21. Aerocomposite shows $122 for a Long-EZ and Cozy III strut and $130 for a Cozy IV strut which leads me to think they are different. I have had both but I can't recall for sure. It seems the Cozy IV strut was thicker. Price lists below. AeroComposites LE price list March 2018.doc AeroComposites Mark IV price list March 2018.doc
  22. A project more dangerous than building your own airplane: I saw a recumbent bike like this on Craigslist (pic 1). Whoa, that thing was twitchy! I modified it thinking it would be easier to ride (pic 2) but it was still a bear to control and at my age I can't afford the contusions to get good on it. Sometimes you get the bear, sometimes the bear gets you. Back to Craiglist!
  23. Just an idea: I think I would try to make a strut before I would mess with an EZ strut that I'd want to change-out later. The strut is likely S-glass, post-cured. http://aircraftproducts.wicksaircraft.com/product/fiberglass-kevlar-carbonfiber/s-glass-roving-filament-spool A U-shaped mold to make the shape does not seem hard to fab-up. We can come up with dimensions. Loop the rovings in the mold and wet-out as you go. Make it just a little thicker if you are nervous about it. I imagine Burt and Nat made their own first struts.
  24. So the Uavionix tech just called me back and we established that because my existing encoder, a Trans-Cal 120-(XX)A, uses a 10-wire gray code output to the Garmin 327 transponder, Uavionix' MUX (multiplex) cable will not work and I will have to rely on the sniffer mode or get a new encoder (or dive into the MyRV14 box above). A newer encoder would use RS-232 output which would work with their cable. To correct what I said two posts above, I got good baro altitude in that report because I was likely in sniffer mode and the cable issue did not come into play. (I still need to check the Flight ID issue.) To be clear, when the Echo is hardwired to the transponder it needs a squawk from the transponder and an altitude from the encoder. In sniffer mode it receives both over the airwaves.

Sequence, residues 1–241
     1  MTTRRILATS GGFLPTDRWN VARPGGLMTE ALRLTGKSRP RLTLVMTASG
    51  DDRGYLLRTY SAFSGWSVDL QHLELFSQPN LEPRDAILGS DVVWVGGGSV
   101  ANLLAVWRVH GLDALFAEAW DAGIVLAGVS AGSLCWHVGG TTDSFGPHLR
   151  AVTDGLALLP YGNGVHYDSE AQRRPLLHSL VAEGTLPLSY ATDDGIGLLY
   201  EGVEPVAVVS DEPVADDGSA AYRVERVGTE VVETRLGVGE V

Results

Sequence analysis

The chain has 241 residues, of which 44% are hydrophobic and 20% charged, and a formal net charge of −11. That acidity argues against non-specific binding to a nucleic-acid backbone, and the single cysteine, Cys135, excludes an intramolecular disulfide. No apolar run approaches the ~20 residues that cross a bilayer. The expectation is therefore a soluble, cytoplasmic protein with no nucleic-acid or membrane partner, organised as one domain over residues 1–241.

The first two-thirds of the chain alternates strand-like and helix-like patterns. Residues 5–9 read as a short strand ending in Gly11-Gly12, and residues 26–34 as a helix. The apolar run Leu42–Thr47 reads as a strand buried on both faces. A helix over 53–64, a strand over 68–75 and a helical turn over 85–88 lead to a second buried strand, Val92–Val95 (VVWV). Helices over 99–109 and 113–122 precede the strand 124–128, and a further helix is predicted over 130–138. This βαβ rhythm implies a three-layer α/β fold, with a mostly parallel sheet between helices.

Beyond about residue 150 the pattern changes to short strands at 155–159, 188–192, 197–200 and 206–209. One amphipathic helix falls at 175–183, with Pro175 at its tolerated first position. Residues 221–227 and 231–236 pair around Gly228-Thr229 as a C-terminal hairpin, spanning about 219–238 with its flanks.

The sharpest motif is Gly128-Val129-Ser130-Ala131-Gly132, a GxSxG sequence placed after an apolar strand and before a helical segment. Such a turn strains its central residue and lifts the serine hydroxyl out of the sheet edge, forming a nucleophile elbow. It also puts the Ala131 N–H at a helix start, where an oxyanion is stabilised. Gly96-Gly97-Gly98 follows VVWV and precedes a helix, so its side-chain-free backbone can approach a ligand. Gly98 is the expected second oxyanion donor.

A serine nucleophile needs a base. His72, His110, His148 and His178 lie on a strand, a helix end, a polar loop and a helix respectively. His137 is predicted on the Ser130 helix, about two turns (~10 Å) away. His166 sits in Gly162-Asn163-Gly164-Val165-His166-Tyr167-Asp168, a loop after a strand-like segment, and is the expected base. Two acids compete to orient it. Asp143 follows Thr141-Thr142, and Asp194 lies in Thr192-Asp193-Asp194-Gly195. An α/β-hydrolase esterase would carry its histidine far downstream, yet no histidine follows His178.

25. Further on the ADSB: "Apparently" to hardwire the Uavionix EchoUAT to a Garmin 327, you need a special MUX (multiplex) cable that resolves differences in baud rates between the Echo, the transponder, and maybe the altitude encoder. Neither the EchoUAT install manual nor the product webpage tell you that. The tech who said he would call me back to discuss my configuration has not done so after 24 hours so I called their order department to get a cable. The clerk was a little hazy about which MUX cable I needed but I hope to see one in the mail. It looks like this thing is going to work, even if I have to use the "sniffer" ("TRANSPONDER MONITOR") mode but I see others have similar complaints. Not sure I would buy this unit again. https://www.myrv14.com/N14YT/The_Box/index.html FWW, it seems that when I got a good Baro report and good Flight ID report, I had been in "sniffer" ("TRANSPONDER MONITOR") mode. However, when I tried to input the Garmin transponder data via the hardwire in "EFIS/PANEL" mode, the baro worked but the Flight ID failed, thus the need for the MUX cable. BTW, the tech confirmed that the "FLIGHT ID" should be left blank at all times as stated in the manual. See what I mean? You aren't using it but it still fails? :-( Which reminds me of another thing: Poking around the airplane I heard a very faint squeal coming from my Artex 345 ELT. The battery is good to 2023. It was not an ELT signal. No changes to wiring or switches. Squeal stopped when I disconnected the D-Sub. It took several days again to get a response from Artex and no explanation for the squeal but maybe I have a replacement unit coming. Airplanes do not make your life less complicated. And I do not like the ADSB. 98% of the targets are no factor. They divert your attention into the cockpit and the buzzards do not use ADSB.